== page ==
Cash is king: tips to manage your cash flow
In a recent meeting of Vistage Chairs, the conversation turned to cash flow.
We agreed that the economy has bottomed out and is beginning to grow.
However, most small businesses continue to be challenged with cash flow issues. Customers are paying more slowly, while vendors are more aggressive in collecting receivables.
What to do
1. Measure your Days Receivable and Days Payable
You can’t manage what you haven’t measured.
(An Excel spreadsheet with the formulae for these and other Basic Financial Ratios is available at no cost here on the site at http://www.pinnacleceo.com/resources-downloads/basic-financial-ratios.)
2. Understand the relationship between these two metrics – and determine if yours are in the right relationship.
Do everything you possibly can to make certain that Days Payable is greater than Days Receivable.
When they’re not, you’re paying your vendors in a shorter time frame than your customers are paying you. And that means you’re floating a loan for the days in between – and you’ve increased your cost of doing business by, at minimum, the interest rate on your line of credit.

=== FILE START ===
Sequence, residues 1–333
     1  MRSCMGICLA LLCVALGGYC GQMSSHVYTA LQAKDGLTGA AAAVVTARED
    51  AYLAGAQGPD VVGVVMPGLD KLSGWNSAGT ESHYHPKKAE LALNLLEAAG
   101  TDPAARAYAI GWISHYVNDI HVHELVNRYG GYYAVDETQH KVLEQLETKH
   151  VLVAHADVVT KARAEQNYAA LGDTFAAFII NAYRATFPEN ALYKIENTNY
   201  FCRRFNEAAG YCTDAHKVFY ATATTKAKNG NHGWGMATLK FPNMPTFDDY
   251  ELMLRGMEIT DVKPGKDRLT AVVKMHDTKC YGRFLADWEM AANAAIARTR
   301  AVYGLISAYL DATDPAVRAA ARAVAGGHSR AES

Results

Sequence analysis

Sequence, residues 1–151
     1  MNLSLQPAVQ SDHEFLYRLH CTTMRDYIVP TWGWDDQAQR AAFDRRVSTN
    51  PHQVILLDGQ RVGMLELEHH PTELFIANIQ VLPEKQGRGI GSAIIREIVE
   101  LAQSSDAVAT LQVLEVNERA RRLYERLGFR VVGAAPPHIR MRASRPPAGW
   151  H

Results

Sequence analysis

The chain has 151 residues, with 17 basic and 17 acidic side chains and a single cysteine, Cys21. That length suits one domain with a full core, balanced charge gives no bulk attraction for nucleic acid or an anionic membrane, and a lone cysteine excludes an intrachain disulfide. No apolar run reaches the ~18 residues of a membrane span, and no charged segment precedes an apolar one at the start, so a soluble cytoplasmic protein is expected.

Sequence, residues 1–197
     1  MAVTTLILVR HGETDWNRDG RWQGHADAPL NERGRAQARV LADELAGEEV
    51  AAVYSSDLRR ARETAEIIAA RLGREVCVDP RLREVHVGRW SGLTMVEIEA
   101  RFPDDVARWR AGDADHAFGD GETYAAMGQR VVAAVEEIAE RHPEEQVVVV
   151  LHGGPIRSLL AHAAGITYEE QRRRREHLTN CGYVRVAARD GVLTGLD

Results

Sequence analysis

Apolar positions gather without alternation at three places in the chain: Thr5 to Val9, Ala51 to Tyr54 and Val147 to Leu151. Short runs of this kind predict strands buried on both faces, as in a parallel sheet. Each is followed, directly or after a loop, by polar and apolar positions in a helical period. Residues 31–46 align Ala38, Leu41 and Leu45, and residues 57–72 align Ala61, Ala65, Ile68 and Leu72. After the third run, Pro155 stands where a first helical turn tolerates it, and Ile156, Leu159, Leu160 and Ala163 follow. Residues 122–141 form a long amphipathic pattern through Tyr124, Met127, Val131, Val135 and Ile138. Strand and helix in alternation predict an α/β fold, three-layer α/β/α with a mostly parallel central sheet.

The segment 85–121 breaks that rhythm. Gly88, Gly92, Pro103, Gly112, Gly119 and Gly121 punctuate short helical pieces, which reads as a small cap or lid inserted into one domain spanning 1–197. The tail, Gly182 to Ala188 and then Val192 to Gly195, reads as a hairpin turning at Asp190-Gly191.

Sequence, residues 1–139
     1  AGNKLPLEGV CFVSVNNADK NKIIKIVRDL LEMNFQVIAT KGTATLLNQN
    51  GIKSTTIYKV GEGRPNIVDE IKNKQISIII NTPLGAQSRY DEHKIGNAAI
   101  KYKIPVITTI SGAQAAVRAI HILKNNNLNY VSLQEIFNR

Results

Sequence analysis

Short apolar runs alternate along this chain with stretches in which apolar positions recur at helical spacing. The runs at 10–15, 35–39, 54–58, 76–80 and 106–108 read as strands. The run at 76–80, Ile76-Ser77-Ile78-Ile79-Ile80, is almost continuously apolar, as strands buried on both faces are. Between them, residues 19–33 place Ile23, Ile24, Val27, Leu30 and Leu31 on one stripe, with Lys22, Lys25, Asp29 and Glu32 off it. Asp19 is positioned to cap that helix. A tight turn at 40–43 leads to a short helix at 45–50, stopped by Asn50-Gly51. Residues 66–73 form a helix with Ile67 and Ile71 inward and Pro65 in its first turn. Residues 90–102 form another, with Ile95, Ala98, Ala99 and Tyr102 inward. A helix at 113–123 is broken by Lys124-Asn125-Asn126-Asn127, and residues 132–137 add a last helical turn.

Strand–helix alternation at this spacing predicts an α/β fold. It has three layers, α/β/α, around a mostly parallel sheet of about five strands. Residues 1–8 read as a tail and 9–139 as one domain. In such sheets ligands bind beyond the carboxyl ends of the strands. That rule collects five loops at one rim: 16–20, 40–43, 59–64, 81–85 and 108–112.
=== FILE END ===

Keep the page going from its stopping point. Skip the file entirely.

3. Test the boundaries – and send reminders
Whatever your terms are, be sure you’re sending a notice out three days prior to remind each Account Receivable.
Follow it up every three to five days until you’ve collected payment.
Are you doing this? And if so, are you doing it automatically – or manually?
If you’re not currently doing it, or if you’re doing it manually, you may want to explore the material available at Trans World Systems. I know the local San Diego representative, and I can personally vouch for her performance.
4. Test the limits – of your vendors and your customers
If your payable terms are net 30 days, test to see which of your vendors call when you don’t pay for 40, 50, or even 60 days. Are they a critical vendor?
Which accounts pay early, and which pay on time or late? What can you do to motivate them to pay early?
Note that by “motivate,” I don’t mean discounting. Discounts bring a host of other considerations – and a fair amount of downside. (I’ll discuss discounts in a future post.)
The best sources of cash in your business are Accounts Payable, Accounts Receivable, and inventory. By actively managing all three, you can add tremendously to cash on hand and cash flow.
Now more than ever, cash is king!